Directors wield increasing influence in corporate America, making pivotal decisions regarding corporate affairs and management. A robust literature recognizes directors’ important role and examines their incentives and performance. In particular, scholars have worried that “busy directors”—those who serve on multiple corporate boards—may face time constraints that affect their performance. Little attention, however, has been paid to directors who sit on the boards of multiple companies within the same industry. This Article terms them “horizontal directors” and spotlights, for the first time, the legal and policy issues they raise. The “horizontal” feature of directorships, a term often used in the antitrust context, could stifle competition and effectively consolidate industries, yet risks being overlooked by scholars, practitioners, and regulators alike.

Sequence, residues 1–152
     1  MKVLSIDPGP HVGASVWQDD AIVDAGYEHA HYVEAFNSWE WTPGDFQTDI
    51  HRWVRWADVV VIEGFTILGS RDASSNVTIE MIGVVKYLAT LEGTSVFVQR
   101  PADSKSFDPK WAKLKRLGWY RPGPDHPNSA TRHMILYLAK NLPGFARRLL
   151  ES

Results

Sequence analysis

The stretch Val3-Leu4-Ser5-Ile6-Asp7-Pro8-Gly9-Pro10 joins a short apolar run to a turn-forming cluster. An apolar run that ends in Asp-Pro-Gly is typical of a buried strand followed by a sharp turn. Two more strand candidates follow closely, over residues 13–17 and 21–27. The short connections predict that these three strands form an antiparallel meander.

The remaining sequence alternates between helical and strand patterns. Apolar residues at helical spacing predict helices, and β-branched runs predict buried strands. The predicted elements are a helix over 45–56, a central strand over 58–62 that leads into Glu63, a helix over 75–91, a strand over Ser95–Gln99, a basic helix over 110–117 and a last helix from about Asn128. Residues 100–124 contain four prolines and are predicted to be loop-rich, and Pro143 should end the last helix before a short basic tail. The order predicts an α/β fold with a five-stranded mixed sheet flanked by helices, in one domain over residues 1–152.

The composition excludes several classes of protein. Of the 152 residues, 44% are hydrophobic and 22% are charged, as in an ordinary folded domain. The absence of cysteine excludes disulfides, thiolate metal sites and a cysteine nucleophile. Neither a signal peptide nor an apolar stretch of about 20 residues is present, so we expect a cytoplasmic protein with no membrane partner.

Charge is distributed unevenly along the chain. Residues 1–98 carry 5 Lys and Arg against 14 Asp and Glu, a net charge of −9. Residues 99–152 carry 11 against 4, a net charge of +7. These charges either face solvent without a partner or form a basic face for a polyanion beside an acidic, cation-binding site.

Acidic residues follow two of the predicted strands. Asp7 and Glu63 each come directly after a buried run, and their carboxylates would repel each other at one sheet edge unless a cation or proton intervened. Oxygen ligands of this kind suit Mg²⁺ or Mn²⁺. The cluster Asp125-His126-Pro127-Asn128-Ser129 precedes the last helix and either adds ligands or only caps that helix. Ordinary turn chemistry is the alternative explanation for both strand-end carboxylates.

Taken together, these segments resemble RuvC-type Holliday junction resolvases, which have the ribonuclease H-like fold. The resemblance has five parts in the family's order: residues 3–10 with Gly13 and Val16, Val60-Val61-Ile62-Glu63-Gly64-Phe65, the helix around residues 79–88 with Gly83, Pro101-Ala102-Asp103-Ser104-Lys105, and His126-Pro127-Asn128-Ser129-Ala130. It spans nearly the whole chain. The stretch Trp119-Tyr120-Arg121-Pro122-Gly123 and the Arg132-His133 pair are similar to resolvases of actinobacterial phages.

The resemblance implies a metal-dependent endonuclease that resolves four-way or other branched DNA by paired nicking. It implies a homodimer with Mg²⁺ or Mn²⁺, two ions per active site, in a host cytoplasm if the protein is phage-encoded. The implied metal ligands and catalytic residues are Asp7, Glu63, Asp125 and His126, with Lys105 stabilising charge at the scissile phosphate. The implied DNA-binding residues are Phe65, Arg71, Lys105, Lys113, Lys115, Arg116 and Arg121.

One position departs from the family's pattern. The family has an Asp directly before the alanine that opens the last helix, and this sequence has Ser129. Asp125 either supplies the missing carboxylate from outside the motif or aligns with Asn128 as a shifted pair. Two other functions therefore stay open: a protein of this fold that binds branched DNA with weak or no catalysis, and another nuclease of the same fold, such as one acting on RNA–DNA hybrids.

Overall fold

This Article makes two contributions to the literature. First, it is the first to empirically identify the phenomenon of horizontal directors. It does so through an original dataset that reveals the staggering number of directors who serve on the boards of two or more companies operating within the same industry. Second, the Article uses the context of horizontal directors to illuminate the push and pull between the priorities of corporate governance and antitrust law. Horizontal directorships simultaneously raise antitrust concerns regarding collusion and coordination, which could stifle competition, while also serving the goals of corporate governance by maximizing shareholder value. This Article bridges the corporate governance and antitrust literatures, offering a set of potential reforms to address horizontal directorships.